“This cookbook by West, journalist and home-canning blogger, venerates the art of ‘putting up’ seasonal bounty of regional hillside orchards, forests, and gardens. Southern roots and childhood memories of home canning with grandparents inspire West's passion for capturing the taste of the seasons in a jar. In an impressive practical guide rich in storytelling and culinary information, this self-described urban dweller who doesn't garden provides a thorough compendium of essential techniques for preserving the harvest.. . . . Because ‘nature's bounty is abundant but fleeting,’ West shows home cooks how to save the season through the tradition of canning.”
“West, who is certified as a master food preserver by the University of California Cooperative Extension, explores the various preserves available through the four seasons. Each base recipe includes variations to please any palate. . . . Appendixes of peak seasons by region and tables of fruit varieties provide extensive information for cooks in any region. More than just recipes, the book also contains stories of the author’s travels throughout the States, as well as regional preserving traditions. . . . A lot of information is packed into [Saving the Season], covering the basics of preserving along with easy to advanced recipes. The combination of recipes and musings makes this a great read both in and out of the kitchen.”
“With the present obsession among consumers for locally grown fruits and vegetables, the practice of putting up foods has undergone a renaissance. As West points out, the real goal of home canning, pickling, and preserving is to retain for future enjoyment the special flavors of foods freshly plucked from the earth or snatched from trees and vines. West’s recipes, clearly written, cover everything from dill pickles to complex marmalades. Antique fruits appear as well as fiery kimchi. In addition to his recipes, West has scattered through the text reminiscences, anecdotes, and reflections on personalities associated in some way to the world of canning and preserving. . . . West’s guide will prove invaluable.”
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Commentaires client les plus utiles sur Amazon.com
On page 343, for example, West writes "(c)ooking is work that encompasses joy, and good recipes should guide the former in order to deliver the latter". What's remarkable is how much West delivers on that promise in the 532 pages of this book. The recipes cover a huge range of preserves, jams, jellies, chutneys and so much more that it would take a solid year (which is probably what West intended, given that the book is arranged by season) to prepare even half of them! But, what an incredibly fun endeavor. This book has given me some amazing tips and techniques, but it's much more than a master class on home preserving. I felt like a friend was sending me recipes and stories, as well as enthusiasm and a subtle push to explore the range of flavors and textures available to us in a land of plenty. I've recommended this book to just about everyone I know, and I can't say enough good things about it. And, no, I don't know the author nor am I employed by the publisher.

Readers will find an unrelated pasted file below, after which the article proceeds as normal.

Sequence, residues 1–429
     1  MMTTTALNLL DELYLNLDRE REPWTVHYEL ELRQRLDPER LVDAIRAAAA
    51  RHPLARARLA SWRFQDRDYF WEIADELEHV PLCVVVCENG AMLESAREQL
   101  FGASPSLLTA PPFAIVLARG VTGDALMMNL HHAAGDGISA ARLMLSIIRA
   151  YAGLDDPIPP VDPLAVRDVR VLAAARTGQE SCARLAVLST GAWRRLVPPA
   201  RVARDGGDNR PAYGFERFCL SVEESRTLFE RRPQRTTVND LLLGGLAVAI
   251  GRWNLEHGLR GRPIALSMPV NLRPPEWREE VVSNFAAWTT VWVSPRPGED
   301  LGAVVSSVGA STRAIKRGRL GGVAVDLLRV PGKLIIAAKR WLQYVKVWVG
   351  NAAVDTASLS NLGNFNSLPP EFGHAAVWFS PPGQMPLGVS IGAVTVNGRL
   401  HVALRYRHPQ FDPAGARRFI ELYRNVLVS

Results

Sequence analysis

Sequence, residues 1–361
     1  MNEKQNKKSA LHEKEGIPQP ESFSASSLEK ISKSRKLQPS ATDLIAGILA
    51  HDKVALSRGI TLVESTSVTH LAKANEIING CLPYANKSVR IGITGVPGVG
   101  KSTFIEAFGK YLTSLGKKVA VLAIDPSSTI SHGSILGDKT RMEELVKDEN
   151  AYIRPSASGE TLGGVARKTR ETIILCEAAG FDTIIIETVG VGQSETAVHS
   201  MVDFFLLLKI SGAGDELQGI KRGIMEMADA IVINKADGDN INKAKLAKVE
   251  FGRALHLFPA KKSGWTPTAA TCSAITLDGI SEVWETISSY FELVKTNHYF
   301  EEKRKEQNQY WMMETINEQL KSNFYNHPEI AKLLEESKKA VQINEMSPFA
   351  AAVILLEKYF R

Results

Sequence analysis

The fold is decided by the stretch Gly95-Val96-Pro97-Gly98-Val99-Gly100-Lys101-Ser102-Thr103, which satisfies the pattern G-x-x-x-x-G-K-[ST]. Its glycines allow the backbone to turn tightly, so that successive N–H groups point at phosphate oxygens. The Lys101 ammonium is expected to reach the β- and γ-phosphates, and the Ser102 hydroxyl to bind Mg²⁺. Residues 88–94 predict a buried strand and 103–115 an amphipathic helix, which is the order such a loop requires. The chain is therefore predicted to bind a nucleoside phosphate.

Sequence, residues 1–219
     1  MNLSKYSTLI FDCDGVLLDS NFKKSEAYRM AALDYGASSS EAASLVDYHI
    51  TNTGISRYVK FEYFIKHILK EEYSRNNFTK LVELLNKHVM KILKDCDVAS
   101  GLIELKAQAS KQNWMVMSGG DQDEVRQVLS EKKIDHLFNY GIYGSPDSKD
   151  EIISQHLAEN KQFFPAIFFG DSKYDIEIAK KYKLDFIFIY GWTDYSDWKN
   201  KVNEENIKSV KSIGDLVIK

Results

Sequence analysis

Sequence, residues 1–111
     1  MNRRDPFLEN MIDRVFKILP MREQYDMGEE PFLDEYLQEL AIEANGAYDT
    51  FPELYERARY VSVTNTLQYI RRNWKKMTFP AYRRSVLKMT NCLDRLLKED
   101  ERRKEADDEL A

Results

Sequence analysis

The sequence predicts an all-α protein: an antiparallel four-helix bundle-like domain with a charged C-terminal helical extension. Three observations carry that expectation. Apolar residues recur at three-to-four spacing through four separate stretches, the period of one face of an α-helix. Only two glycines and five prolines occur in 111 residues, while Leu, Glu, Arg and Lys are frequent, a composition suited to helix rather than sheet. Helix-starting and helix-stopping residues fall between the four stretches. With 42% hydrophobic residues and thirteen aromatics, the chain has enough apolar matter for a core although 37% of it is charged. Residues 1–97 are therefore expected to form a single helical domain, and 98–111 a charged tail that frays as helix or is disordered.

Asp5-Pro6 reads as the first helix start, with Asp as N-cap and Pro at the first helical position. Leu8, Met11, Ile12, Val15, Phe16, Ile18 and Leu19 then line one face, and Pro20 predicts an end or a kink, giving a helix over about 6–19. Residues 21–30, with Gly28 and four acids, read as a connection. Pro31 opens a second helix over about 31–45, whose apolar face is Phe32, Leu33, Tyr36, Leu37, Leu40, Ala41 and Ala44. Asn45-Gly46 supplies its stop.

All of this is enhanced by West's own charming photographs. As I write, my first batch of "Sunshine Pickes" (p.155) are cooling, and I can barely wait to try more recipes in the coming months.
There are massive quantity-type preserving manuals put out by the jar people, and that's where to look for the huge quantity output recipes.
West's stories and musings in the book are as good as the recipes, for those of us who read cookbooks like novels.
Lastly, I appreciate the jam and jelly recipes as they are not too sweet. It is an FDA rule in the US that all commercially made jams and jellies have to have sugar as the first ingredient, presumably as some kind of preservative guarantee. This is why, when I don't make my own, I buy French, Italian or English preserves.
For over a year I read Kevin West's food blog and enjoyed the clear and simple directions and
comprehensive information on the food being preserved. At my age it is good to say I've learned
something from someone younger! The last three weeks I've spent cooking and experimenting with
quince, and have spilled onto the pages of this book. The jelly is lovely, and tastes like
an exotic honey. The membrillo is a new flavor, and combined with West's suggested manchego
cheese has made autumn nights quite extravagant. This week I'm turning the page, and will
experiment with something new. I highly recommend this book for cookbook readers, food historians,
or simply cooks looking for inspiration. Jammers and canners will appreciate his flavorings
and explanations of techniques and wry humor. The photographs are eye candy.